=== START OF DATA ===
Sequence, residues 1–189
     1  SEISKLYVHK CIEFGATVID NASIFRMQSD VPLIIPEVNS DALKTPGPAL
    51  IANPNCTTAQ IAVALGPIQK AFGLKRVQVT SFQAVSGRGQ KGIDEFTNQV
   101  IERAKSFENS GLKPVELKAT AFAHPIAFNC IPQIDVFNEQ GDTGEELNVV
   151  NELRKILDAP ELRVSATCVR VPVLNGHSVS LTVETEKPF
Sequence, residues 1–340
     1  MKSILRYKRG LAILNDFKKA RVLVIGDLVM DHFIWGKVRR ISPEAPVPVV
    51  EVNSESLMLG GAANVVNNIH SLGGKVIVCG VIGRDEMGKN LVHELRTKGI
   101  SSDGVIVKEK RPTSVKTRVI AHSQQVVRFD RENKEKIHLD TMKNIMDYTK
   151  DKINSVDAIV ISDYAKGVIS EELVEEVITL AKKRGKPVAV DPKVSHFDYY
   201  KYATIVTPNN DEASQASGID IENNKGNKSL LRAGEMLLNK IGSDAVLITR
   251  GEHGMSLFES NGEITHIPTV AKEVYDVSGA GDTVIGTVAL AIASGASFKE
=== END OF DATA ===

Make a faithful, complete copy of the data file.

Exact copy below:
Sequence, residues 1–189
     1  SEISKLYVHK CIEFGATVID NASIFRMQSD VPLIIPEVNS DALKTPGPAL
    51  IANPNCTTAQ IAVALGPIQK AFGLKRVQVT SFQAVSGRGQ KGIDEFTNQV
   101  IERAKSFENS GLKPVELKAT AFAHPIAFNC IPQIDVFNEQ GDTGEELNVV
   151  NELRKILDAP ELRVSATCVR VPVLNGHSVS LTVETEKPF
Sequence, residues 1–340
     1  MKSILRYKRG LAILNDFKKA RVLVIGDLVM DHFIWGKVRR ISPEAPVPVV
    51  EVNSESLMLG GAANVVNNIH SLGGKVIVCG VIGRDEMGKN LVHELRTKGI
   101  SSDGVIVKEK RPTSVKTRVI AHSQQVVRFD RENKEKIHLD TMKNIMDYTK
   151  DKINSVDAIV ISDYAKGVIS EELVEEVITL AKKRGKPVAV DPKVSHFDYY
   201  KYATIVTPNN DEASQASGID IENNKGNKSL LRAGEMLLNK IGSDAVLITR
   251  GEHGMSLFES NGEITHIPTV AKEVYDVSGA GDTVIGTVAL AIASGASFKE